Bmgt 311 chapter_4

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bmgt 311, marketing research, chris lovett, fall 2014

bmgt 311, marketing research, chris lovett, fall 2014

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  • 1. BGMT 311: Chapter 4 Week 4: Research Design
  • 2. Learning Objectives • To understand what research design is and why it is significant • To appreciate areas of ethical sensitivity in research design • To learn how exploratory research design helps the researcher gain a feel for the problem by providing background information, suggesting hypotheses, and prioritizing research objectives
  • 3. Learning Objectives • To know the fundamental questions addressed by descriptive research and the different types of descriptive research • To explain what is meant by causal research and to describe types of experimental research designs • To know the different types of test marketing and how to select test-market cities
  • 4. Research Design • Research design is a set of advanced decisions that make up the master plan specifying the methods and procedures for collecting and analyzing the needed information.
  • 5. The Significance of 
 Research Design • There are basic marketing research designs that can be successfully matched to given problems and research objectives, and they serve the researcher much like the blueprint serves the builder. • Good research design is the “first rule of good research.” • Knowledge of the needed research design allows advance planning so that the project may be conducted in less time and typically at a cost savings due to efficiencies gained in preplanning.
  • 6. Objectives of Research Design • To gain background information and to develop hypotheses • To measure the state of a variable of interest • To test hypotheses that specify the relationships between two or more variables
  • 7. Research Design: A Caution • In many cases, research is an iterative process. • By conducting one research project, we learn that we may need additional research, which may result in using multiple research designs.
  • 8. Types of Research Design Three traditional categories: • Exploratory • Descriptive • Causal • The choice of the most appropriate design depends largely on the objectives of the research and how much is known about the problem and research objectives.
  • 9. Basic Research Objectives and Research Design
  • 10. Exploratory Research • It is usually conducted when the researcher does not know much about the problems. • Exploratory research is usually conducted at the outset of research projects. • Uses: • Gain background information • Define terms • Clarify problems and hypothesis • Establish research priorities
  • 11. Exploratory Research • A variety of methods are available to conduct exploratory research. • Secondary Data Analysis: What has been written? • Experience Surveys: Talk to those who have experience • Key-informant technique: gathering information from those thought to be knowledgeable on the issues relevant to the problem • Lead-user survey: used to acquire information from lead users of a new technology
  • 12. Exploratory Research • A variety of methods are available to conduct exploratory research. • Case Analysis: a review of available information about a former situation(s) that has some similarities to the current research problem • Focus Groups: small groups brought together and guided by a moderator through an unstructured, spontaneous discussion for the purpose of gaining information relevant to the research problem • Projective Techniques: For topics that are sensitive or difficult to articulate (personal hygiene; status-seeking!)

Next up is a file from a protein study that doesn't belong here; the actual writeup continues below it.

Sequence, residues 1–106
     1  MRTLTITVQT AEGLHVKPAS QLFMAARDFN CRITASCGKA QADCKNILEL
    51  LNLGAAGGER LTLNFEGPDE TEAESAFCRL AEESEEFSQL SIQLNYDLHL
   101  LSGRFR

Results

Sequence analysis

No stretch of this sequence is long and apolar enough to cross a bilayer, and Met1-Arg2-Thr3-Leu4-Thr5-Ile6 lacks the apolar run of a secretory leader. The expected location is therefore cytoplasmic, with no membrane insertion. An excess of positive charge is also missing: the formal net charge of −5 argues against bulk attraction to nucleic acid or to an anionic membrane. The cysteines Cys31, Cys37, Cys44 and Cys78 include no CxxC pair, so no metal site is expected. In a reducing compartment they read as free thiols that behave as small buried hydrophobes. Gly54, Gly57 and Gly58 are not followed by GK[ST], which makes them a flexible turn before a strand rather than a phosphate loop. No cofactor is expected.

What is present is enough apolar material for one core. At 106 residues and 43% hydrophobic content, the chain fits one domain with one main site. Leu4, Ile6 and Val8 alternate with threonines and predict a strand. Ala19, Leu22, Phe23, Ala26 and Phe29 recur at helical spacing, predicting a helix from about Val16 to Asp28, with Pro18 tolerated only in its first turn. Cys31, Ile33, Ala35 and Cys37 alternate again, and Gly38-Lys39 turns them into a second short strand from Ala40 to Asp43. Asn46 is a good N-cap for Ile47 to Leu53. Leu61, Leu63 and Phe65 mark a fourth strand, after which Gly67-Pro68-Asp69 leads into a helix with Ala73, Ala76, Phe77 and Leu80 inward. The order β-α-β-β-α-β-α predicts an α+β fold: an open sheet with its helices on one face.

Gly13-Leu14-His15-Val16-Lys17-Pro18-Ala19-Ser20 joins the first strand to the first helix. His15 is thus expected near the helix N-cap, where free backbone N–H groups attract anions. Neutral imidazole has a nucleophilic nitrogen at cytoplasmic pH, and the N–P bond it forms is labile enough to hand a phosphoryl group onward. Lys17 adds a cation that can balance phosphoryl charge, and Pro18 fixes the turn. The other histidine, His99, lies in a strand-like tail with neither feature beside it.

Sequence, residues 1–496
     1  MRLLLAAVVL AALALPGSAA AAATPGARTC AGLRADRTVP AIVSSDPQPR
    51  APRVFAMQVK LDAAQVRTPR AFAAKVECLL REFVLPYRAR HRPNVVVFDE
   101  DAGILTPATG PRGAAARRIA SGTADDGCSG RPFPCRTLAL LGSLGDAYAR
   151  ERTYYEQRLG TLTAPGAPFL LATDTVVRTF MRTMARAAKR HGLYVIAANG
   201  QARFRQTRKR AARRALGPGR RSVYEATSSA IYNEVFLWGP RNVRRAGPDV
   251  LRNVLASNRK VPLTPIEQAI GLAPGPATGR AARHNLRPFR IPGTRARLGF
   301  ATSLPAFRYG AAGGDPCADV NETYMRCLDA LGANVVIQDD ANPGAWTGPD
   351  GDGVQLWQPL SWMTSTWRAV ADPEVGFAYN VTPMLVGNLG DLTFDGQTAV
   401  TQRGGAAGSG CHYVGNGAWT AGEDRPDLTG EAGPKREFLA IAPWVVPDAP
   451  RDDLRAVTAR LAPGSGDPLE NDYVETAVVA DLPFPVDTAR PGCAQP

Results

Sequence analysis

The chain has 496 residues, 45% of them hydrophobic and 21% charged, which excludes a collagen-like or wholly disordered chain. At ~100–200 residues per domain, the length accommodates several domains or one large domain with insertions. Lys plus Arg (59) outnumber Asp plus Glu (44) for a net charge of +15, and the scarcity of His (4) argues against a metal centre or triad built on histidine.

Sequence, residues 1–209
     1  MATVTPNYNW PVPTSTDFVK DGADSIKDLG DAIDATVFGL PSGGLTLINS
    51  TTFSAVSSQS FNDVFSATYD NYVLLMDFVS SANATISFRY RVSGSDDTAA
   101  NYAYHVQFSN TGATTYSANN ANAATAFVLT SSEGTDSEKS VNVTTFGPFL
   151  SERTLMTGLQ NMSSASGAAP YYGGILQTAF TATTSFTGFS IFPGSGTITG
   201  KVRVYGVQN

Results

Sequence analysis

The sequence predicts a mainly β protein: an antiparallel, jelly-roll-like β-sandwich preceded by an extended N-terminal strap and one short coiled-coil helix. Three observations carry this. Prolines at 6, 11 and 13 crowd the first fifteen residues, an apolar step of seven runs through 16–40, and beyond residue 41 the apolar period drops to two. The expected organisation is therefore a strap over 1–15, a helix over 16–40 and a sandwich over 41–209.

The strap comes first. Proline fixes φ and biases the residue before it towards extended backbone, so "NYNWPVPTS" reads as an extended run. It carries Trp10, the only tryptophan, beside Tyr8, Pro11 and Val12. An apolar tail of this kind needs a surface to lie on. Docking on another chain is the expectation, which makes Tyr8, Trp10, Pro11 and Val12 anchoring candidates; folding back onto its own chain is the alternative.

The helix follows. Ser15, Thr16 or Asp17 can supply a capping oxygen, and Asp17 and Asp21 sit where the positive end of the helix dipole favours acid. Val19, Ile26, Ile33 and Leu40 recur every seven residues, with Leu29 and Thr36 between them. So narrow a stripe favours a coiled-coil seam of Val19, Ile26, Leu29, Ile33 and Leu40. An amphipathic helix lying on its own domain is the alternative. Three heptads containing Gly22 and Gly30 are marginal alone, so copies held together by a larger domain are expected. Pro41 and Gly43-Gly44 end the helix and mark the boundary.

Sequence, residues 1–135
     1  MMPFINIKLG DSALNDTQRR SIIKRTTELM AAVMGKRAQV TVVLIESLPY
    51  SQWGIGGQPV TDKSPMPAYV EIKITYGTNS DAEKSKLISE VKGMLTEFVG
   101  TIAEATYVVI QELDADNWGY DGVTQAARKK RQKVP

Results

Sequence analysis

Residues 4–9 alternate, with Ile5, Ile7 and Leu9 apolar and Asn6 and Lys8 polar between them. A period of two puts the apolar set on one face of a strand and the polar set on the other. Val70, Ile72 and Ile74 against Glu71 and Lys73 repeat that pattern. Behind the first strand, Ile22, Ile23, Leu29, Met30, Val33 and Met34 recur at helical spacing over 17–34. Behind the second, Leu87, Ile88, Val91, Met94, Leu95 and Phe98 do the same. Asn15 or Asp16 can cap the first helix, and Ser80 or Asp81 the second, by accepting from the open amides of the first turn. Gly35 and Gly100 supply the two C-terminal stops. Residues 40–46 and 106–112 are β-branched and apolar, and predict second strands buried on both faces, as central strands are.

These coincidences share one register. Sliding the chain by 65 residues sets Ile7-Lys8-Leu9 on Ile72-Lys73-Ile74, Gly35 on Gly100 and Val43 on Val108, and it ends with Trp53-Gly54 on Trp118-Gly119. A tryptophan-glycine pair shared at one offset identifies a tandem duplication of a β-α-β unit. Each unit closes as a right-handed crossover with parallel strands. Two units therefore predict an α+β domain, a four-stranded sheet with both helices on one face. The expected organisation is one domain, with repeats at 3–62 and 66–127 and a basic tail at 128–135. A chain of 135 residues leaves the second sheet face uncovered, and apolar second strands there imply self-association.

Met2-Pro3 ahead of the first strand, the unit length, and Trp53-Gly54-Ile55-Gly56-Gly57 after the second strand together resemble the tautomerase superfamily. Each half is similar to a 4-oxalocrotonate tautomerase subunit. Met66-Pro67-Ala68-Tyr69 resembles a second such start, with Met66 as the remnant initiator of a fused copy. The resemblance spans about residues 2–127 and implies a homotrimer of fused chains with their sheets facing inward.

• 13. Focus Groups
  • 14. Focus Groups • Usually 6-8 people • Discussions moderated • Different samples can be held in groups • Very useful for generating information about how consumers think, their attitudes, terminology they use, liking/disliking of proposed new product
  • 15. Descriptive Research • Descriptive research is undertaken to describe answers to questions of who, what, where, when, and how. • Descriptive research is desirable when we wish to project a study’s findings to a larger population, if the study’s sample is representative.
  • 16. Research Design: Descriptive Research Two basic classifications: 1. Cross-sectional studies • Cross-sectional studies measure units from a sample of the population at only one point in time (or “snapshot”). • Sample surveys are cross-sectional studies whose samples are drawn in such a way as to be representative of a specific population. • These studies are usually presented with a margin of error
  • 17. Research Design: Descriptive Research Two basic classifications: 2. Cross-sectional studies • Longitudinal studies repeatedly measure the same sample units of a population over time. • Since they involve multiple measurements over time, they are often described as “movies” of the population.
  • 18. Descriptive Research Studies • Continuous panels ask panel members the same questions on each panel measurement. • Discontinuous panels vary questions from one panel measurement to the next. • These are sometimes referred to as omnibus panels (omnibus meaning “including or covering many things or classes”). • Discontinuous panels are demographically matched to some larger entity, implying representativeness. • Discontinuous panels represent sources of information that may be quickly accessed for a wide variety of purposes.